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Ketamine Clinical Trials


Effects of Intraoperative Low-dose S-ketamine on Postoperative Mood and Pain in Patients With Crohn's Disease Undergoing Enterectomy With Mild to Moderate Depression: a Randomized Controlled Trial


To see complete record on clinicaltrials.gov, please visit this link

Id: NCT05506787

Organisation Name: Jinling Hospital Affiliated to c University

Overal Status: Completed

Start Date: September 1, 2020

Last Update: August 18, 2022

Lead Sponsor: Jinling Hospital Affiliated to c University

Brief Summary: Crohn's disease (CD) is a chronic inflammatory disease of the gastrointestinal tract with symptoms evolving in a relapsing and remitting manner. Typically, the peak incidence of CD is 18 to 35 years , which means that patients with CD will be plagued by the disease during their most precious years, and nearly 35% of them will develop depressive symptoms. For 70% of patients with CD who need surgery, the incidence of preoperative depression may be higher. The CD cohort with diagnosable psychological condition has been shown to experience a higher rate of disease exacerbation than the CD cohort without psycho complication. At the same time, this depressive mood may make postoperative recovery more difficult, so it is necessary to alleviate postoperative depression.

Ketamine, a widely used anesthetic, is also used to treat depression. The most used ketamine in clinical practice is racemic ketamine, but its use is associated with many complications such as psychotic adverse effects and neurotoxicity. In recent years, S-ketamine has received attention for better efficacy and fewer complications . In 2019, the Food and Drug Administration (FDA) approved S-ketamine nasal spray for the treatment of refractory depression and subsequently received approval from numerous health authorities around the world. This proves that S-ketamine can provide a rapid antidepressant effect in patients with depression in a non-surgical setting. However, it is inconclusive whether S-ketamine affects surgical patients, mainly because of differences in the type of surgery, the dosage administered, the interaction with analgesics, and the evaluation tools implemented. Studies have shown that small doses of S-ketamine in breast cancer surgery and cervical cancer surgery can reduce postoperative depression. However, the effects of S-ketamine on postoperative depression (POD) and pain in patients with CD have not been studied.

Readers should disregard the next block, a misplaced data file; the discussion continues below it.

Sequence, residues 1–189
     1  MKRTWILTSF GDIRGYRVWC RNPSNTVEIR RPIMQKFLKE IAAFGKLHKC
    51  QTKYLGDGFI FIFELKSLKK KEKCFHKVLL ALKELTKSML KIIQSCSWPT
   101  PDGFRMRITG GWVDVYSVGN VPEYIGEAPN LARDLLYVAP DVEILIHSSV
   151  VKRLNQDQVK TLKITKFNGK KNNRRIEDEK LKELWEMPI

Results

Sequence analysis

Conditions:
  • Crohn Disease
  • Depression
  • Esketamine


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